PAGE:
Hello!! It’s good to have the “real” blog up and running again back here at www.heartsforteaching.com .
My kids and are will be starting our third full week on Tuesday (wow! so quickly?) and if you have been reading many of the posts on various Facebook pages (IFLT/NTPRS/CI Teaching, CI Liftoff etc.), you’ll notice a common theme: It’s time to slow down.
I AM THERE!!
We finally have a stable schedule, so students are not moving from class to class or teacher to teacher. I have had time to establish my expectations for behavior, model how I deal with “issues”, and begin to create relationships with, and among, students.
I’m crazy to do more with the language!! But…I also just gave a quiz and got feedback from parents at Back To School Night…so I know that this is the perfect time to slow down, no matter how counterintuitive it might be.
I’m going to reference a post from earlier this year: When Students Are “Lost”
Luckily, my students are “lost” yet! But, I know, if I don’t slow down now they will be soon. I just don’t want that to happen! Especially this early in the year! So I’m going back to this post, and these ideas this week to be proactive for my students.
When I was teaching in NY, I used this scale with my students to describe what is going on in their brains during class:
Stage 1 : Attention
(student is looking at/listening to w/intent to understand)
Stage 2: Identification
(student can locate sounds/text that are recognizable)
Stage 3: Comprehension
(student can visualize/dramatize meaning of the pieces they understand)
Stage 4: Clarification
(student will seek information needed to comprehend any missing pieces)
Stage 5: Interaction
(student will respond to aural input/text to the best of ability)
I want to share this with my students now, so they can begin to appreciate not only how much work the brain is actually doing during class (hmmmm can you say “RIGOR”?), but also to remind them that this is a process, a journey, and they are farther along than they may realize.
We will work from a poster than words it this way:
Stage 1: I heard/see it but I don’t recognize it/can’t identify it.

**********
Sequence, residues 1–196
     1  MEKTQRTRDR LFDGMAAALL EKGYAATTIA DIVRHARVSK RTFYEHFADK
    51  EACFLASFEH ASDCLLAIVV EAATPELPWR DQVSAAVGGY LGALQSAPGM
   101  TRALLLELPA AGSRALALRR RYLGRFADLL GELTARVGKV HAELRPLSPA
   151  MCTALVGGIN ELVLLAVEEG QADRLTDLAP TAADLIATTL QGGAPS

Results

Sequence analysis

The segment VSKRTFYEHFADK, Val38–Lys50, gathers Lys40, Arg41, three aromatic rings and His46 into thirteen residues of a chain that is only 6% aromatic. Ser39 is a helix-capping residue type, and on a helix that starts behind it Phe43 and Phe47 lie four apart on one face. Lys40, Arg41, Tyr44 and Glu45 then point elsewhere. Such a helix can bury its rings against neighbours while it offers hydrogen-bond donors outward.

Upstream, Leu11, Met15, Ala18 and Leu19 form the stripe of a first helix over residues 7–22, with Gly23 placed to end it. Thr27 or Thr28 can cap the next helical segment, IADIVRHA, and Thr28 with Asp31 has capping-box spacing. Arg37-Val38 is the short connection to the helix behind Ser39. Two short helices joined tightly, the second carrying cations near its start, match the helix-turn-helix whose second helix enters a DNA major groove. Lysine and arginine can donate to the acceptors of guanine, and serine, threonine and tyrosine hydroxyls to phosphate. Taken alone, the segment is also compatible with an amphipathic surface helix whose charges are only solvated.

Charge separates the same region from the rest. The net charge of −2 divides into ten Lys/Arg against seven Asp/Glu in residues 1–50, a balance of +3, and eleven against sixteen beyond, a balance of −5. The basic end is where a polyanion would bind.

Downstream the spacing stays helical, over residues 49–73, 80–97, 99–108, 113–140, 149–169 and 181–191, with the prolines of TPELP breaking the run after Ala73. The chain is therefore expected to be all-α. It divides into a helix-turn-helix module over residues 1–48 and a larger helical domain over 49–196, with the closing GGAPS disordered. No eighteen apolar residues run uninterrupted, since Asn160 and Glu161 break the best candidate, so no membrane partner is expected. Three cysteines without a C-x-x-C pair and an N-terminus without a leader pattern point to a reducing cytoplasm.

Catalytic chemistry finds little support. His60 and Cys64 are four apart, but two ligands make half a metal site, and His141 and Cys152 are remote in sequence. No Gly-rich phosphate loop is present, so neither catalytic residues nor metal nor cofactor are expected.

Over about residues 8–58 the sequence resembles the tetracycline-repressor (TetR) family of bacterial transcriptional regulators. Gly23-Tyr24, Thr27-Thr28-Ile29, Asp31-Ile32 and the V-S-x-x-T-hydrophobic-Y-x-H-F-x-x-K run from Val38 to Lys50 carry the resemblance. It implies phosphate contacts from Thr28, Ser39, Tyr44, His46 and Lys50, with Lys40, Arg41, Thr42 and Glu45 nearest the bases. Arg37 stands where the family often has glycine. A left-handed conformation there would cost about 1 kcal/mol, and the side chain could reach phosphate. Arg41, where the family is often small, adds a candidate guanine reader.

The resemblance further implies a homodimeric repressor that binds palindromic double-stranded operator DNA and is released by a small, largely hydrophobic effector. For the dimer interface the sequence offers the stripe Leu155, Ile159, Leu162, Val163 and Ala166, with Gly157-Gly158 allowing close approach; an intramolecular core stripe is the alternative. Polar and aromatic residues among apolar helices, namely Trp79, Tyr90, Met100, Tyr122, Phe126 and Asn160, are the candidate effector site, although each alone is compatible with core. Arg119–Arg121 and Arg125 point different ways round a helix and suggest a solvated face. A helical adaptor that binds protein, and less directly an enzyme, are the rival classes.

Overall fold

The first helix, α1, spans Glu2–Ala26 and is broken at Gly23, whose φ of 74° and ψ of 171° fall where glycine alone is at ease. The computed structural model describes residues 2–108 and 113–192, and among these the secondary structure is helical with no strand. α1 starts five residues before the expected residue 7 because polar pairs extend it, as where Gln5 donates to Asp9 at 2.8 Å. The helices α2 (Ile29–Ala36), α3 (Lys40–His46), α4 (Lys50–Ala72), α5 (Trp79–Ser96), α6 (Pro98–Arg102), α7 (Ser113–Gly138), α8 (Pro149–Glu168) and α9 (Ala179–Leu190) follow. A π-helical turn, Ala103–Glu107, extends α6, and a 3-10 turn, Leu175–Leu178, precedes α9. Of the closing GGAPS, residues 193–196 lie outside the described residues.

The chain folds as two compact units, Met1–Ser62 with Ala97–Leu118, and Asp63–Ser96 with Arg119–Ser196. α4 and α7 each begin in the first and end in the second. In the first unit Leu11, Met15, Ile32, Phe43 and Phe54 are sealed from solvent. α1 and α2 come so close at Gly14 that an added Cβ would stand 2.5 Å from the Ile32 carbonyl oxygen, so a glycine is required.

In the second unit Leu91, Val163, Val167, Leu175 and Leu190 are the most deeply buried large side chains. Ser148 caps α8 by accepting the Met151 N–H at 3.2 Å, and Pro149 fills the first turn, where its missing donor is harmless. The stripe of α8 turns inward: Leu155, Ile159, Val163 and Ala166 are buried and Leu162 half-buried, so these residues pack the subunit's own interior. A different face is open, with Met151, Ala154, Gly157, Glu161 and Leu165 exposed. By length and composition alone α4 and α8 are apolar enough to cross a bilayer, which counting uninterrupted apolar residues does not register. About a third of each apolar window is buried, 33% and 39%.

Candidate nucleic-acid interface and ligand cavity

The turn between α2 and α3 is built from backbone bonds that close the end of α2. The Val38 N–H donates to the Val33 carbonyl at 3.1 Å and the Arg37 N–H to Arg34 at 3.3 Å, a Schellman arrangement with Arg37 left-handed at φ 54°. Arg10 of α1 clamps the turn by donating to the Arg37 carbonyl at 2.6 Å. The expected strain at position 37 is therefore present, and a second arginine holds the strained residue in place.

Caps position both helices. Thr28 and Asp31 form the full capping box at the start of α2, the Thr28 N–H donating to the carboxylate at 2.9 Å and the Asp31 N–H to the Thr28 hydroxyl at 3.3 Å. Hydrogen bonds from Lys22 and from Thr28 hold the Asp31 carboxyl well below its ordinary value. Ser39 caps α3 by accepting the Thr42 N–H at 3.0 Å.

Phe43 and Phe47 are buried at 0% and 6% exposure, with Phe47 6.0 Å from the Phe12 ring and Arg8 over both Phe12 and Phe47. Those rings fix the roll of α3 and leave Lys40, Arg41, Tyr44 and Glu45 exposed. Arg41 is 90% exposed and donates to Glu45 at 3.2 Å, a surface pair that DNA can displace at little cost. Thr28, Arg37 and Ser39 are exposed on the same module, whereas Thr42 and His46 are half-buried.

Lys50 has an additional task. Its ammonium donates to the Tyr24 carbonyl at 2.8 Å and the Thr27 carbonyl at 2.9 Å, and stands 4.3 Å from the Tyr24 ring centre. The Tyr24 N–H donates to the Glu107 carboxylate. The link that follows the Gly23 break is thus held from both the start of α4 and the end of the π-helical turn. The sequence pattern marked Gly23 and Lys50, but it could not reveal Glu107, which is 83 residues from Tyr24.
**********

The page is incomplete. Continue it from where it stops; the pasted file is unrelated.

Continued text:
Stage 2: I can identify/recognize it but I don’t know what it means.
Stage 3: I heard/saw it AND I recognize it AND I’m pretty sure I know what it means.
Stage 4: I checked what I think it means with the context to see if I’m right.
Stage 5: I totally get it and can respond verbally/physically to it.
and I may create a smaller version for them each to tuck in their folders. It will definitely be part of parent communication. I REALLY wish I had thought to prepare it for Back To School Night…..
Then it can begin to be part of our interactions in class; with each other and with the language.
Now the REAL benefit to this is that this poster is a HUGE visual reminder for me to slow down. Why? So that their brains have time to deal with all of the stages! It really is a lot of work! In time it will take microseconds, but right now….they need time. Thinking time. Confidence time. All of which leads to individual and community success. Which we always need!!
PS if you haven’t read the post where I originally shared this, go for it! When Students Are “Lost.”
2 Replies to “It’s Time To Slow Down”
I’m working on this same issue! I’m working on creating a bi-weekly parent “newsletter” online. It may just be a WordPress site like this one and I’ll post a blog. I would post an email address for parent feedback. I could also leave a comment section available, but I want to make sure that students’ privacy is maintained.
Much of the feedback I received on Back to School night was in conversation as parents passed in and out of the room. I also handed out index cards so that if a parent had something s/he wanted to say right then and there s/he could write it down and leave if in a basket by the door. We are encouraged to have phone calls and email exchanges with parents often, but it is so hard to find a time to initiate that!
I’m hoping that the “newsletter” will help. I’ll post when I actually get it up and running! Keep in touch!
Hi there! I am a second year teacher who wants to be more in touch with parents of my students but I don’t know where to start. Can you tell me more about your parent feedback at back to school night? In other words, did you have a survey for them or something like that? Was it feedback on the first few weeks, or feedback on how they want to be involved/not involved? Thanks in advance! PS this year I teach Spanish 1 with mostly 9th graders